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UN FAO reports drop in North Korea food production

North Korea's food production has fallen, the UN reports. The Food and Agriculture Organization warns that it expects worsening hunger as the country continues to receive below-average rainfall.

In 2015,

North Korea

produced about 5.4 million tons of food, including cereals, soybeans and potatoes, down from the 5.9 million tons it produced in 2014, according to the UN Food and Agriculture Organization. That is the first drop since 2010, the FAO announced in a report released late Wednesday, and the trend shows no sign of reversing.

"Given the tight food supplies in 2015-16, the country's food security situation is expected to deteriorate from the previous year, when most households were already estimated to have poor or borderline food-consumption levels," the FAO announced.

Last May the United Nations had warned of a looming food crisis as North Korea faced what state media call the country's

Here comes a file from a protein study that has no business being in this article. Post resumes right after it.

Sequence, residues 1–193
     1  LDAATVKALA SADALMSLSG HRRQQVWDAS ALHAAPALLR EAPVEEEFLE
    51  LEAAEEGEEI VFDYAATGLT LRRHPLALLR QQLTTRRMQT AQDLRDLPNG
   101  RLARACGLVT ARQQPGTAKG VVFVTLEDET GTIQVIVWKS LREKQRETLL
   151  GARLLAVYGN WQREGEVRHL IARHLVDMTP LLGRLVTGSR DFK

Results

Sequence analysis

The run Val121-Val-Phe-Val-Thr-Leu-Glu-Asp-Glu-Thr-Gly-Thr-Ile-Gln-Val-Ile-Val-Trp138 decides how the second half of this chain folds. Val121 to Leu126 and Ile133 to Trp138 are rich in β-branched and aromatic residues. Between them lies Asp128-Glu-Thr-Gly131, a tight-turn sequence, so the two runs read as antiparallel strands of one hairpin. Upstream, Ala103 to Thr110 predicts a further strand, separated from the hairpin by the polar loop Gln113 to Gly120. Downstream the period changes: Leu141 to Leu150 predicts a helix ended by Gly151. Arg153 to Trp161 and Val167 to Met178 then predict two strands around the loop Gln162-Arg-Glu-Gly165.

"worst drought in a century."

Researchers believed that

the lack of rain

compounded chronic food shortages in North Korea, which has seen external aid decline in recent years.

Not all grains

According to FAO estimates, the country faces a shortage of 394,000 tons of cereal, the biggest gap since 2011-12.

Poor rainfall

and low availability of water for irrigation caused the production of paddy rice, North Korea's main staple, to drop by 25 percent to 1.9 million ton, the FAO reported. The agency also estimated that production of maize, the country's second most important crop, decreased by 3 percent, to 2.29 million tons, despite an expansion in plantings.

Compared to 2014, however, the output of other cereals - such as sorghum, millet and buckwheat - almost tripled, the FAO reported. And the production of drought-resistant soybeans, the main source of protein in North Korea, increased by 37 percent, to 220,000 tons, according to the FAO.

A limited supply of fertilizer and fuel last year also contributed to the decreased crop production in 2015, the FAO reported.

mkg/kms (Reuters, dpa, AP)